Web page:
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Tuesday, September 27, 2016
Adventures in Synthesis: Backyard Fall Afternoon Modular
Published on Sep 27, 2016 Chris Beckstrom
"I'm on a mission to challenge some ideas about modular synthesis:
That is has to be expensive, or that you can't build it yourself, or that it has to look pretty, that it's too complicated, that you need an electrical engineering degree to play it, or that you can't take it outside.
After all, it's a musical instrument not totally unlike a guitar. Now that I've reconfigured it a bit, why not bring it out to the back yard and play a bit?
This simple patch was inspired by the work of Kaitlyn Aurelia Smith. If you haven't heard her magnificent music, check it out!
There are 4 voices in this patch: The bassline, a 3-note repeated figure by saw waves, the delay of that figure, and another saw oscillator.
The bassline is a sort of triangle oscillator whose pitch is being modulated by the output of a 3-input mixer. Into the mixer are patched 3 outputs from a 4-step shift register clocked by the main clock. The shift register is listening to the output of and AND gate listening to a pair of unrelated square wave oscillators. Basically every now and then different steps of the shift register are HIGH, and when sent to the mixer their voltages are converted to analog (i.e. not just HIGH and LOW) voltages. I'm pretty sure the best way to describe this is using the mixer as a digital to analog converter (ADC) or a R/2R ladder. Normally I'd use my 10-step sequencer for something like this, but right before I started recording, the wind blew my modular over and did something weird to the sequencer.
The triangle bassline heads out into a low pass gate which is triggered by the main clock (so it pings every beat). That in turn goes into one channel of a mixer, which is routed out into my portable recorder.
The 3-note saw wave figure actually comes from 3 separate saw oscillators tuned to 3 different notes. Each note goes into a different step in a 4-step sequential switch, which like the bassline shift register, is listening to the output of an AND gate. Basically this makes the switch step at fairly random times, playing the 3 pitches in order, then resting (since there is nothing plugged into the 4th input of the switch). The output of the switch goes directly into a mixer (no VCA) as well as the input of the delay unit.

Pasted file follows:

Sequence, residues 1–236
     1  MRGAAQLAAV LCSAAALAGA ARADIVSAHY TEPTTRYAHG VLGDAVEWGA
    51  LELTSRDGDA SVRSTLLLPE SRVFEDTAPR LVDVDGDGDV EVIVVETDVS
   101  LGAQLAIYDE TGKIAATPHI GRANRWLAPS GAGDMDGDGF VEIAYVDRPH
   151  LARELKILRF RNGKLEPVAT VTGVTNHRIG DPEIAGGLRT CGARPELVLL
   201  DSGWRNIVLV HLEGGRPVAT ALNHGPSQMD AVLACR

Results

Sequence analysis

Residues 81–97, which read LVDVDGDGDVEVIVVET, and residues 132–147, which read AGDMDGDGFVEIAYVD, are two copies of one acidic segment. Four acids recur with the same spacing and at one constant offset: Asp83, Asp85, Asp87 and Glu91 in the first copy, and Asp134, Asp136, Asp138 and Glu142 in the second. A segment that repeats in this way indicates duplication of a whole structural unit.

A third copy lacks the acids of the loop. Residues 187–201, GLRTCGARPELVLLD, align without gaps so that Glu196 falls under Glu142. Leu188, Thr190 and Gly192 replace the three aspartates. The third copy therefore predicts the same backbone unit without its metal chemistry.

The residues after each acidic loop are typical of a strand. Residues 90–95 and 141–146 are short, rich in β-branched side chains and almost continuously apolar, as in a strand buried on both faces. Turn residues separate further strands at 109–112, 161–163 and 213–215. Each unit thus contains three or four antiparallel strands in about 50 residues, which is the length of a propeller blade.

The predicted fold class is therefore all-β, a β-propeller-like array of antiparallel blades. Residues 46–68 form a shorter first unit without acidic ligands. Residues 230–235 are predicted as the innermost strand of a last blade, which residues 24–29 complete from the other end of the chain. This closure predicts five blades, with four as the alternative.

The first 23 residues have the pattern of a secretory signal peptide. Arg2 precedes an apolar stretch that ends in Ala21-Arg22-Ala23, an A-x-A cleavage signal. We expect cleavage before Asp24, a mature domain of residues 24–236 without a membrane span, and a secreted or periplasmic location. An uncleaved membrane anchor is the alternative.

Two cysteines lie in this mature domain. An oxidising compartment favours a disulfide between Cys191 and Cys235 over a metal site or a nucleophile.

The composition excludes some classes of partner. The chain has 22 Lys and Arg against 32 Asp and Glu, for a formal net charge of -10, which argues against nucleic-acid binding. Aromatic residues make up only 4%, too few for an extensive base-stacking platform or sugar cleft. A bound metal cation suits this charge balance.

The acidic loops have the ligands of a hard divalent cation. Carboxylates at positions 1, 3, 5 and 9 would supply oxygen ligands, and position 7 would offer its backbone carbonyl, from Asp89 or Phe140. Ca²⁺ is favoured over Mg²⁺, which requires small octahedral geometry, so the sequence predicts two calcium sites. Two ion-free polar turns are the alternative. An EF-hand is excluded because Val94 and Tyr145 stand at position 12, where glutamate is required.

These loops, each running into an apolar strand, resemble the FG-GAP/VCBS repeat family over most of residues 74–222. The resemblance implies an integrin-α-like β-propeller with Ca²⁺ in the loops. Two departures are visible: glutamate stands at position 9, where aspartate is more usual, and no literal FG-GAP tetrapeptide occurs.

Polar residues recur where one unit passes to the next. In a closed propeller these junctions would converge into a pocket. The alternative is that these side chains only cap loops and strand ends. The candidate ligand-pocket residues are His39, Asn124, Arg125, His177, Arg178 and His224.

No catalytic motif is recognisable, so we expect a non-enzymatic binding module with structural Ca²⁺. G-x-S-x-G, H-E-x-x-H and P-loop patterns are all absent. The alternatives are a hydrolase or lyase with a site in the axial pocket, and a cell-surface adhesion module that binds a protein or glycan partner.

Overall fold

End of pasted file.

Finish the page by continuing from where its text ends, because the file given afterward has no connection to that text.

The delay, very simply, goes back into the mixer. This means there is a channel of delay which can be adjusted independently from the original saw wave sounds. Sometimes I mix so you can only hear the delay, sometimes only the original, and sometimes both. If I had a fancier mixer I might automate this with CV, but then again I like actually *playing* the modular.
The 4th voice uses my newest module, an 8-bit stepped saw wave. (I'm not entirely sure it's actually 8-bit as I don't have a full understanding of what that even means, but if you look at it on an oscilloscope it certainly looks lofi digital!) The saw wave is built by sending a square wave into a 4040 divider, then taking 3 of the 4040 outputs and sending them through a R/2R ladder (an ADC) which spits out a stepped rising saw wave/ramp. I got this idea from the fantastic Logic Noise series on Hackaday.com - https://hackaday.com/tag/logic-noise/ . I built the module because I love that sound and I have a million square wave oscillators. I thought it would be nice to be able to easily change them to saw waves sometimes. Plus, chiptunes!
Nothing is modulating the pitch other than the shiny knob (and my hands). The output of the digital saw wave goes into a vactrol-controlled VCA, which then goes into the mixer. I discovered my "vactrol" circuits (where CV is implemented using light-dependent resistors and LEDs) do not work so great outside on a sunny day! That's why toward the end of the video I put my hand inside the case to cover up the LDR. Because of all the light bleed, instead of muting the digital saw when the VCA is "off," it mostly just attenuates it. Either way I like the effect, and it's definitely not something you'd get from a plugin on your computer.
The mono output of the mixer goes into my Roland Edirol portable recorder, which I then slightly tweaked in Bitwig Studio on Linux before mixing it with the video (in Kdenlive, also on Linux).
During the patch I'm mostly manipulating the 4 levels in the mixer, changing the delay time (which changes the pitch in that fantastic lofi digital way), and playing a melody on the digital saw wave using just the pitch knob... sort of like a fretless bass, violin, or oud."